Nov 12, 2012
Martian Mansions may be based on a classic game, but a few seconds spent on the game and you’ll realize it’s not as easy as Tetris. For starters, the environment of falling blocks is in 3D, and blocks are lined up to form a cylinder instead of a straight wall, making the game harder than usual.
Although the execution differs from the classic Tetris game, Martian Mansions‘ game objective remains faithful to its predecessor — which is basically piling blocks without leaving gaps to clear them out and prevent falling blocks to accumulate on top. But there’s more to playing the game than one might think.
Blocks are shaped to form a cylinder instead of a straight wall. To ensure that the first block layer is filled, one must rotate the platform to avoid dropping blocks on the same spot. As in Tetris, individual falling blocks can be rotated on midair to fit the gaps made by other blocks. Once a layer has all areas filled, it disappears, giving more room for incoming blocks. If the blocks are getting crowded and there is an urgent need to clear lower blocks, two “filler” blocks are available to tap on (located on the upper left corner of the screen). These blocks can fill in little or big gaps at the time when they’re badly needed. However, the number of special blocks one can use for this is limited, so one has to use them wisely.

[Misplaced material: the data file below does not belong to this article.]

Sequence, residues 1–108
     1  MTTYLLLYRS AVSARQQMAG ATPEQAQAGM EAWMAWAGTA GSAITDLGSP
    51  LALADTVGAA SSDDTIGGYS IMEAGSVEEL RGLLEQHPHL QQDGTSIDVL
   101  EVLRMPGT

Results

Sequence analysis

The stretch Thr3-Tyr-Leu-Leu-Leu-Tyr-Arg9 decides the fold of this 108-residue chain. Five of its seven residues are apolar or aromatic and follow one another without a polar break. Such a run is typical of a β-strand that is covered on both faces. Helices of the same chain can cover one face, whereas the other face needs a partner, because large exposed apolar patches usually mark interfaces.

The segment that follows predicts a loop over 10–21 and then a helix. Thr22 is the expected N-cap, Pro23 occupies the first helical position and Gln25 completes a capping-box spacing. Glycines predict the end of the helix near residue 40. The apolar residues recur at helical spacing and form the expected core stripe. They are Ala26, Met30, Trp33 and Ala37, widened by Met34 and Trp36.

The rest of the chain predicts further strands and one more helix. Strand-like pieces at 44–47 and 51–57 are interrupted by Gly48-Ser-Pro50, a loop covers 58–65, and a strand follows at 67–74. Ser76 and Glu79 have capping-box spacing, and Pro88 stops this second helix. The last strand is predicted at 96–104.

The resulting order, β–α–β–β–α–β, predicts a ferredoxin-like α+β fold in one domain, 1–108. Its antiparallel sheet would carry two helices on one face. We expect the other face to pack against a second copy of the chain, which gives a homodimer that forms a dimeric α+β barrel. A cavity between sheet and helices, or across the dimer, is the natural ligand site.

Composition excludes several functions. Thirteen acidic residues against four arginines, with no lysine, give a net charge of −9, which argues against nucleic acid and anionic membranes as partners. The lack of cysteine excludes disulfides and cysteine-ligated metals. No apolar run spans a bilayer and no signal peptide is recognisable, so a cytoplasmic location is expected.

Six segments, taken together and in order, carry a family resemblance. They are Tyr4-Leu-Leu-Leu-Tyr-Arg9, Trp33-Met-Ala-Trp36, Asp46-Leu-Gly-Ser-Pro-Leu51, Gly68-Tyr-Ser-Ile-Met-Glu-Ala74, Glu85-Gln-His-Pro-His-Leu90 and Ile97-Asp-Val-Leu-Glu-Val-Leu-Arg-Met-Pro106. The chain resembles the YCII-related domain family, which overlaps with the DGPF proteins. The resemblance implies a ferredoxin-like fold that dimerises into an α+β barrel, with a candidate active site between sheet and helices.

After playing the game for a few days, I realized that game control buttons might be the reason that I have a hard time clearing blocks. The left/right buttons for rotations are on opposite ends of the screen, and in the middle is the rotate button for falling blocks. This setup caused me to rotate blocks when I meant to rotate the platform to the left. With other games, the left/right buttons are next to each other, while the shoot/jump/do-whatever button sits on its own on the opposite side.
Graphics are fairly good, and the alien-themed design certainly puts a modern spin on a classic game. Performance is also great, as there are no lags or delays in animations or responses to touch. This is not a problem at all, and at times I wished it was especially when I make bad brick drops and it’s too late to adjust them.
One interesting thing about Martian Mansions is that there is no way to check how many worlds or levels are left to be completed. The game just shows a simple animation, and tapping the play button immediately starts the game. I haven’t gone too far into the levels, so there is really no telling what kind of re-play value one can expect from this game.
Martian Mansions is a fresh and interesting way to play an old and forgotten game. However, it might need a bit of improvement in terms of game controls and overall navigational design. Having played the game, I can say it’s off to a good start, although it has plenty of room for improvement to make it more player-friendly.